Theatre Review: Clock for No Time

Words by Falie Klieve and Orla Spurr

An honest and inventive production about the lived experience of disability

Writer and director Michèle Saint-Yves.

Venue: Rumpus Theatre, Bowden
Written and directed by Michèle Saint-Yves

Written by Michèle Saint-Yves and part of RUMPUS theatre’s new season, Clock for No Time asks that perennial question — what makes us, us? What is consciousness, memory, personality,and who are we when it begins to slip away?

I’ll just say it off the bat: this show was absolutely brilliant.

Clock for No Time is an intimate exploration of family, disability, and loss. It is deeply rooted in Michèle’s own experiences of living with acquired brain injury and losing her father to Alzheimer’s disease. It’s not often that we see disability depicted in the media. It’s even less common to centre on a person who is simultaneously processing their own disability while watching a loved one deteriorate. If that sounds heart-wrenching, it is.

Michèle’s writing is exquisite. Her humour is coated with pain, like when she describes her brain as a “supercluster-fuck”. Her formal, scientific narration, which you’d think would contrast with the intimate family scenes, actually add to the poignancy. The neuroscience terminology is perfect, which makes sense knowing that Michèle holds a Bachelor of Medical Science in Neurobiology.

Jennifer Liston perfectly inhabits all of her roles — the casual, overly-familiar attitude of the MRI technician, the exhausted carer, the dutiful mother and grieving wife were all so convincing, her singing adding so much visceral emotion to the story.

I loved the way the main character reflects on the similarities between her and her dad. She has dementia caused by a subarachnoid cyst and he has advanced Alzheimer’s. The play illustrated the difficulty of being unable to find your words; feeling like your brain is slow, feeling like you don’t know who you are anymore.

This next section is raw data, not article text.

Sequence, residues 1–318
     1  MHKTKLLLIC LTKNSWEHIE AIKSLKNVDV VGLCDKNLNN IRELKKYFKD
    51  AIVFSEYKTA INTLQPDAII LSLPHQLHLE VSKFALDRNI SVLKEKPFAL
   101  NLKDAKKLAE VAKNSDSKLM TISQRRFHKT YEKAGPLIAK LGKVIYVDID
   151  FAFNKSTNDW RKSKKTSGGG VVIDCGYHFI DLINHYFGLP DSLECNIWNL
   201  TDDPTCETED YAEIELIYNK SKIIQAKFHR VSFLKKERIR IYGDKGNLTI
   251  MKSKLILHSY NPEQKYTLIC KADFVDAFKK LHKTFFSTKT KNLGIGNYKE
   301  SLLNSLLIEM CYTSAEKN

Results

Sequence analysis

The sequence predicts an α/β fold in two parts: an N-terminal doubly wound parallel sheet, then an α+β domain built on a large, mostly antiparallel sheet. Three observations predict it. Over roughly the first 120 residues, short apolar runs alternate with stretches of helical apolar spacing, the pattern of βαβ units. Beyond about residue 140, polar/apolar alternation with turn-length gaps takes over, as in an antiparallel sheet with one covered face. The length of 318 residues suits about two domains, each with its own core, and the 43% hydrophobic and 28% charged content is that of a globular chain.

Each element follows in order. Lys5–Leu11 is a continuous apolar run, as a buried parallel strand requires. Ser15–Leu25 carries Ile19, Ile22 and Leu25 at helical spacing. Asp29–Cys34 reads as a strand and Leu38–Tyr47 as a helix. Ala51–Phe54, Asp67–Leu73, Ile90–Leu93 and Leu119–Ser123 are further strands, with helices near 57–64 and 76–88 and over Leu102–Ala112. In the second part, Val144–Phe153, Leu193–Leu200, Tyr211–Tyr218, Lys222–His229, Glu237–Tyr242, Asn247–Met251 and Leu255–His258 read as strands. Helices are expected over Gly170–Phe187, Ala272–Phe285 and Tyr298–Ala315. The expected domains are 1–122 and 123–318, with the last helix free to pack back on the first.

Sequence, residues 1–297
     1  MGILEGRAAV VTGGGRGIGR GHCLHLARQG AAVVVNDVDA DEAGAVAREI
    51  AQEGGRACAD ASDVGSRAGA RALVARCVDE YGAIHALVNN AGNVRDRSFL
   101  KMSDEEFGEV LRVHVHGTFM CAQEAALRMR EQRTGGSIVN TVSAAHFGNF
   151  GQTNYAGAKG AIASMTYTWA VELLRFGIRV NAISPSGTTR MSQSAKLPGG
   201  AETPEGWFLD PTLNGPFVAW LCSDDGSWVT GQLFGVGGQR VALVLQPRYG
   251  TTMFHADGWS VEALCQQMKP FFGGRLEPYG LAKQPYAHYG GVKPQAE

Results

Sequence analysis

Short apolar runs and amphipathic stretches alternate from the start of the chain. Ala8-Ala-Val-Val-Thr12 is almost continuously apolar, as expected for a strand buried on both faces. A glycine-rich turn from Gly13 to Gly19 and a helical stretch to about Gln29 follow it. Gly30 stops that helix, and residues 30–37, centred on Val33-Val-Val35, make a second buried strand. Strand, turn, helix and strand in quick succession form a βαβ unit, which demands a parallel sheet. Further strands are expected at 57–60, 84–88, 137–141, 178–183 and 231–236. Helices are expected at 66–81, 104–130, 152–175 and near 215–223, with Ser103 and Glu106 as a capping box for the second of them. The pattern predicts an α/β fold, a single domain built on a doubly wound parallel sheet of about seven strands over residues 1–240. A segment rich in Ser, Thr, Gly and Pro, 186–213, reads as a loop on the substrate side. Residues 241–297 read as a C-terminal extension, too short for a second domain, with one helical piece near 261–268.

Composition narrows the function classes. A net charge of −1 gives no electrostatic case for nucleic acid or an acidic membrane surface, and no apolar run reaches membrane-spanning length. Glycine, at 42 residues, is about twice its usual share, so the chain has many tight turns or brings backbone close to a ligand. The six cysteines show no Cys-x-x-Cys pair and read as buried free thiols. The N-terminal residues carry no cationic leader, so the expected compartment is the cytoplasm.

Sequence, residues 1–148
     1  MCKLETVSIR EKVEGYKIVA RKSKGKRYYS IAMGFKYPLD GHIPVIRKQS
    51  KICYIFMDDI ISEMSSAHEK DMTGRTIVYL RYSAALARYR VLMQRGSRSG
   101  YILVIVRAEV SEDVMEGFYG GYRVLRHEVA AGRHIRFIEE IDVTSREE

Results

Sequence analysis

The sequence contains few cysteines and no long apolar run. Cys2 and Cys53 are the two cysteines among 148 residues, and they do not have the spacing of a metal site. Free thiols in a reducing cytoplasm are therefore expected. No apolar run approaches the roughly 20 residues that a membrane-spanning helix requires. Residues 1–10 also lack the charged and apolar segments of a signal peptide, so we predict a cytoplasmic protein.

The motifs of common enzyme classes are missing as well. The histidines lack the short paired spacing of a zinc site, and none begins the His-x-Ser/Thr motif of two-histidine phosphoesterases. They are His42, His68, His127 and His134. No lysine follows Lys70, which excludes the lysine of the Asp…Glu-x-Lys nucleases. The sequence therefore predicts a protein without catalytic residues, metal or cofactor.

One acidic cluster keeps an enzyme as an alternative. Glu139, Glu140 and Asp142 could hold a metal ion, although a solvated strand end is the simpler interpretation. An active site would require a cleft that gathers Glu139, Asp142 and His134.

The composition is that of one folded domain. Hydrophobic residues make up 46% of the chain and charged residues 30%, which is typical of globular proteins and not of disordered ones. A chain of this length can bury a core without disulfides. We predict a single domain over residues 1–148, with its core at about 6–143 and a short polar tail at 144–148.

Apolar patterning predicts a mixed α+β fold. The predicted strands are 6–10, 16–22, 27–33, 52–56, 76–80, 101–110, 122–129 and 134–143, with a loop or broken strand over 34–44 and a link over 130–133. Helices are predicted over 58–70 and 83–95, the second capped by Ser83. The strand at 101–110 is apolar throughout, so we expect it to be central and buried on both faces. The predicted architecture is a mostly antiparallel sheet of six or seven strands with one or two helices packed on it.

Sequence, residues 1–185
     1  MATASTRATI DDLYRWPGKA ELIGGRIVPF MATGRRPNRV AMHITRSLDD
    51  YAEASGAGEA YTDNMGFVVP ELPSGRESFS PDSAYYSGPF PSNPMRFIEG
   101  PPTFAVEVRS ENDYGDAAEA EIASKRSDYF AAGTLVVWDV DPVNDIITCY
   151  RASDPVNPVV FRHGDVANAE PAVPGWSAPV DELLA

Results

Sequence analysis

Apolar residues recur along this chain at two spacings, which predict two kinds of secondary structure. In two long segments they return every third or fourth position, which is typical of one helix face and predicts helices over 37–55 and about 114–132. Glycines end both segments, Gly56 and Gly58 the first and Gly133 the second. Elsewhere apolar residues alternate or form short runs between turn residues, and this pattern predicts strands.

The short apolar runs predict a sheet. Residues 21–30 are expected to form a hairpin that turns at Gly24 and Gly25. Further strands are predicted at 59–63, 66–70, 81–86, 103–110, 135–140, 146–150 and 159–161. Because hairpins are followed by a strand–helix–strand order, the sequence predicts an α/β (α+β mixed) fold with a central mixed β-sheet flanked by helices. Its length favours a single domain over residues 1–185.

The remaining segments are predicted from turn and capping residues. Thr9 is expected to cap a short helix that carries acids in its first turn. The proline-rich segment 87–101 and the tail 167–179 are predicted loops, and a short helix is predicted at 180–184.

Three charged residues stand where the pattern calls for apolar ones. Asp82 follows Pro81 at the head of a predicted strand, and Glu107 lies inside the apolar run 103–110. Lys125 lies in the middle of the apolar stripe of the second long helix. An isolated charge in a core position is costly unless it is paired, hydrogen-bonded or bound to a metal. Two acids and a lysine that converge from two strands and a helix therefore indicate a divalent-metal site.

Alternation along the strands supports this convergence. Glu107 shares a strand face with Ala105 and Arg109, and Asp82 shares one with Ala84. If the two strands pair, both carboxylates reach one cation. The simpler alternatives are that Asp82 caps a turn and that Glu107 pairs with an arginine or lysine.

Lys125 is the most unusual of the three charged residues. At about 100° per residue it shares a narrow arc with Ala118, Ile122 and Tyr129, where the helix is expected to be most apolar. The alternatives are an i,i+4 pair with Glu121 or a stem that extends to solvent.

“[I think about] the shapes of me I was meant to be — the activist, the gardener, the lifelong lover… the taxpayer”, she says — not an exact quote, but I found it very pertinent to the experiences of being disabled and treated like you are not contributing to society.

I know we hear it all the time from venues, but RUMPUS is truly committed to being as accessible as possible. They’re not just following the bare minimum codes for physical accessibility, but clearly welcoming people with disability, chronic illness and neurodivergence. I’ll admit, my own bar for accessibility may be hanging a bit low recently — the last venue I looked at had no map of the ground floor, no info on bathrooms, and a clause in their very corporate-focussed information pack stating that they were not liable for the working status of the elevator.

Clock for No Time has an event-specific audience information pack, available freely on the RUMPUS website. It is the most comprehensive (but still easy to read) accessibility summary we have seen from any venue. It is clear that this document was written with the input of people with actual lived experience of disabilityincluding public transport options and detailed descriptions of the carpark, entrances, bathrooms, foyer, stage — everything.

What impressed us most about the venue’s commitment to accessibility is that they go into all the gory details, including the shortfalls of the space — the gravel carpark, uneven footpath, bump in the doorway — giving visitors everything needed to make an informed and autonomous choice about their attendance. It’s right there on the website in multiple formats (pictures, video tours, audio descriptions, even a comic-style guide on how to enjoy the show), without requiring you to email or call anybody.

Both of us were particularly glad to hear that the venue caters specifically to the needs of neurodiverse folks — we were offered stim toys, told there was a quiet room available which we could request any time, and that we were allowed to sing, express ourselves, and use our phones (on silent) throughout the show.

I drew a diagram of all the options, only to come out during the mid-session break and see a scale model diorama of the entire performance space, complete with colour-coded buttons for audio description, as you can see here.

Clock for No Time is a heartfelt connection to the disabled and chronically ill experience, and the performances reflected that. Michèle Saint-Yves should be commended for her work. We left the show feeling immensely privileged, and grateful, to have shared in something so personal. And for that, I have nothing else to say but thank you, Michèle.

RUMPUS Theatre’s next production, Hamlet in the Other Room, plays from 30 Nov — 12 Dec. Book your tickets here.

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